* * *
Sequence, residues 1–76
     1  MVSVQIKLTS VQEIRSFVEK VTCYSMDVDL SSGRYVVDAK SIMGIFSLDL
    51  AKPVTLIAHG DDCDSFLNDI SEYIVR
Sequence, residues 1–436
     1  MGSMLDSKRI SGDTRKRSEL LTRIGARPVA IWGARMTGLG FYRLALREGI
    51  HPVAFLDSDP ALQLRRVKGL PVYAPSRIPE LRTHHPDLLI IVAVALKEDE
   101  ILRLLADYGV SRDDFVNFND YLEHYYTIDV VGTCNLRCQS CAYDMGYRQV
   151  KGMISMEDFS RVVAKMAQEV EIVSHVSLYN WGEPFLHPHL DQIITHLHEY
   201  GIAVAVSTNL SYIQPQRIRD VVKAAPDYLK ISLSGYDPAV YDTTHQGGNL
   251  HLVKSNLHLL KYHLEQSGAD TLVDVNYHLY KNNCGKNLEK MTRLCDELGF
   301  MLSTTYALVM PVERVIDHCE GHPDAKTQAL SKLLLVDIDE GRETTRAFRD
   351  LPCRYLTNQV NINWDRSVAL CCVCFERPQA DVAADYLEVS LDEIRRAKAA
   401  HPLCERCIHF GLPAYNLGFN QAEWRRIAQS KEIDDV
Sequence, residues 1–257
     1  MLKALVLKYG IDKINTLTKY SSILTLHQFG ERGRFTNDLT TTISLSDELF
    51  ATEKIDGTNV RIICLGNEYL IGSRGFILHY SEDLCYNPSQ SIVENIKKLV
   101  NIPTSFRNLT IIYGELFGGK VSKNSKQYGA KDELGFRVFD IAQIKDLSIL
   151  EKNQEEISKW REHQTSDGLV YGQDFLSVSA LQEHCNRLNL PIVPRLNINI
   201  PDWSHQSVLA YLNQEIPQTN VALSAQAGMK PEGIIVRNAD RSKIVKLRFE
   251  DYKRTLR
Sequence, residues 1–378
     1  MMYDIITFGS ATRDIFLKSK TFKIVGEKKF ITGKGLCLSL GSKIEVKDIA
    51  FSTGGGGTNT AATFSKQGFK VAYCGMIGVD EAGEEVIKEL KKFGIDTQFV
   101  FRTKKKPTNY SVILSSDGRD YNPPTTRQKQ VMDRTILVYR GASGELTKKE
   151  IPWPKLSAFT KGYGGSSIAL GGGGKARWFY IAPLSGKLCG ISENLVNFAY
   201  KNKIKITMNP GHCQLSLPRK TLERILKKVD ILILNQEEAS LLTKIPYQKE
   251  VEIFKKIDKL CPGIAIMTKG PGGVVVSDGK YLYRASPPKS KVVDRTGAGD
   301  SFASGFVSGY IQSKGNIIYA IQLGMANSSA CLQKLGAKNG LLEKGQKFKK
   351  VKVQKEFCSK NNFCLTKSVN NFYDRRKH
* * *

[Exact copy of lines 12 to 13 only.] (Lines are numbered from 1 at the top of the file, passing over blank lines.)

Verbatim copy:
   351  LPCRYLTNQV NINWDRSVAL CCVCFERPQA DVAADYLEVS LDEIRRAKAA
   401  HPLCERCIHF GLPAYNLGFN QAEWRRIAQS KEIDDV